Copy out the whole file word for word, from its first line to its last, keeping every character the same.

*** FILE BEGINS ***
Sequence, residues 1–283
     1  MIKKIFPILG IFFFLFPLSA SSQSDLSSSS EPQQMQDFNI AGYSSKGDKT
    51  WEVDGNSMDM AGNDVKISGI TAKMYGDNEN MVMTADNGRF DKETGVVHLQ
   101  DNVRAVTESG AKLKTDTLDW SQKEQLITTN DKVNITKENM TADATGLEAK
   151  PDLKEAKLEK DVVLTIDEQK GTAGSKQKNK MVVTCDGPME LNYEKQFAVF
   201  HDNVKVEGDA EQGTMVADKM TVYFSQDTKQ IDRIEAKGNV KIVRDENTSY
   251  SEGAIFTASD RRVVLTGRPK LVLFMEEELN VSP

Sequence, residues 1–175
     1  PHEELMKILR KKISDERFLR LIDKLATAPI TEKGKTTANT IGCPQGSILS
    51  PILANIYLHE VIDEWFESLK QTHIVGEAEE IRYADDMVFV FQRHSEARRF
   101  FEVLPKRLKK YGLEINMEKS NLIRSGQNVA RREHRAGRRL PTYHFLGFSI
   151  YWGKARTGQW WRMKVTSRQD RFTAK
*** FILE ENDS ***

Sequence, residues 1–283
     1  MIKKIFPILG IFFFLFPLSA SSQSDLSSSS EPQQMQDFNI AGYSSKGDKT
    51  WEVDGNSMDM AGNDVKISGI TAKMYGDNEN MVMTADNGRF DKETGVVHLQ
   101  DNVRAVTESG AKLKTDTLDW SQKEQLITTN DKVNITKENM TADATGLEAK
   151  PDLKEAKLEK DVVLTIDEQK GTAGSKQKNK MVVTCDGPME LNYEKQFAVF
   201  HDNVKVEGDA EQGTMVADKM TVYFSQDTKQ IDRIEAKGNV KIVRDENTSY
   251  SEGAIFTASD RRVVLTGRPK LVLFMEEELN VSP

Sequence, residues 1–175
     1  PHEELMKILR KKISDERFLR LIDKLATAPI TEKGKTTANT IGCPQGSILS
    51  PILANIYLHE VIDEWFESLK QTHIVGEAEE IRYADDMVFV FQRHSEARRF
   101  FEVLPKRLKK YGLEINMEKS NLIRSGQNVA RREHRAGRRL PTYHFLGFSI
   151  YWGKARTGQW WRMKVTSRQD RFTAK